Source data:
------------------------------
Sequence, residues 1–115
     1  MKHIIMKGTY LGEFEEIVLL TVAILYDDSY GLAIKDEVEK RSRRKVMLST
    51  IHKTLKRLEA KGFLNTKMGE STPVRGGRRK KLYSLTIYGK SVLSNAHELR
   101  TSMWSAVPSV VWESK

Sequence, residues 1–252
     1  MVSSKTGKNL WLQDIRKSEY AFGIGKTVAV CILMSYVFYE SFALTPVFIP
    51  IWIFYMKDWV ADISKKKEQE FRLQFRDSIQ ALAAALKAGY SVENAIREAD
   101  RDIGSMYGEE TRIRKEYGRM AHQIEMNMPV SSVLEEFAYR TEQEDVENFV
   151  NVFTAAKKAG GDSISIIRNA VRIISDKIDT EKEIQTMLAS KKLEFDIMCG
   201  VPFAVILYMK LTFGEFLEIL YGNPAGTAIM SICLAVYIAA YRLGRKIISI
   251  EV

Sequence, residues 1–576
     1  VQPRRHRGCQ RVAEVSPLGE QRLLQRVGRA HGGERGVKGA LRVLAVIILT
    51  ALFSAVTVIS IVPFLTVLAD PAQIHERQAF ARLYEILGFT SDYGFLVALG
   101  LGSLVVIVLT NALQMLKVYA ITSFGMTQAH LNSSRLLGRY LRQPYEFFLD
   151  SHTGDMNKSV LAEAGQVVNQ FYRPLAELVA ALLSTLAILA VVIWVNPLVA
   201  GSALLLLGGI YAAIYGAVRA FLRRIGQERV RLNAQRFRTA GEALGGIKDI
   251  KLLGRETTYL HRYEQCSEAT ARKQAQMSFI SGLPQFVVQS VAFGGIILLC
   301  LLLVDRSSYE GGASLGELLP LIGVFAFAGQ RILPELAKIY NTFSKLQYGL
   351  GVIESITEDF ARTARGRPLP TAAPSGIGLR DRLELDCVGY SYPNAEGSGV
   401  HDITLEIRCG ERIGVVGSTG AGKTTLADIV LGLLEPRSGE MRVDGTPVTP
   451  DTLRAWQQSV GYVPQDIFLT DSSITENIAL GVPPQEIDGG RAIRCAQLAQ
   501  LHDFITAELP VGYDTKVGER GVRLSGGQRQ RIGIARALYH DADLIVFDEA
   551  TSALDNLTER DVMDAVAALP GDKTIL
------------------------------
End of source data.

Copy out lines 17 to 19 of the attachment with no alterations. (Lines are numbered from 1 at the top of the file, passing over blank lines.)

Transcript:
   201  GSALLLLGGI YAAIYGAVRA FLRRIGQERV RLNAQRFRTA GEALGGIKDI
   251  KLLGRETTYL HRYEQCSEAT ARKQAQMSFI SGLPQFVVQS VAFGGIILLC
   301  LLLVDRSSYE GGASLGELLP LIGVFAFAGQ RILPELAKIY NTFSKLQYGL